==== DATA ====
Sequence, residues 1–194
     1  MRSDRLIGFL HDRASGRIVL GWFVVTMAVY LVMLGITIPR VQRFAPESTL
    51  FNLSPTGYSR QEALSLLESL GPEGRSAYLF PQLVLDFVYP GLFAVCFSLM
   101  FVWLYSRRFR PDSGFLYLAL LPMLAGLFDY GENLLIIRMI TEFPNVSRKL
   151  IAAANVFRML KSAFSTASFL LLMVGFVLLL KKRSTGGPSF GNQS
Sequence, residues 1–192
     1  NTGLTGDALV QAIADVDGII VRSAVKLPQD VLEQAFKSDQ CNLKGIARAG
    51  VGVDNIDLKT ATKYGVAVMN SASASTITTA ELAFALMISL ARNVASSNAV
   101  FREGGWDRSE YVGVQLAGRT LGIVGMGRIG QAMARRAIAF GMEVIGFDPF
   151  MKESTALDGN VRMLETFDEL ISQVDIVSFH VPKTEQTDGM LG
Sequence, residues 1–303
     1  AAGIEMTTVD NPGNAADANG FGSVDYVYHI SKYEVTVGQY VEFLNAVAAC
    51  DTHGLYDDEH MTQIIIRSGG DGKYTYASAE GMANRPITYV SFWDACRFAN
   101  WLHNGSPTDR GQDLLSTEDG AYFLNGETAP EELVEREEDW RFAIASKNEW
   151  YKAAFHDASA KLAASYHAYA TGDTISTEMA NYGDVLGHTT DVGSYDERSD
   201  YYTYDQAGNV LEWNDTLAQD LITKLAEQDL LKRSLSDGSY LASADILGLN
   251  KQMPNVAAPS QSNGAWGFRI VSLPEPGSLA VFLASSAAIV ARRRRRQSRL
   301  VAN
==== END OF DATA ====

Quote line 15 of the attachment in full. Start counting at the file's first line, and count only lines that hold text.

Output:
   151  YKAAFHDASA KLAASYHAYA TGDTISTEMA NYGDVLGHTT DVGSYDERSD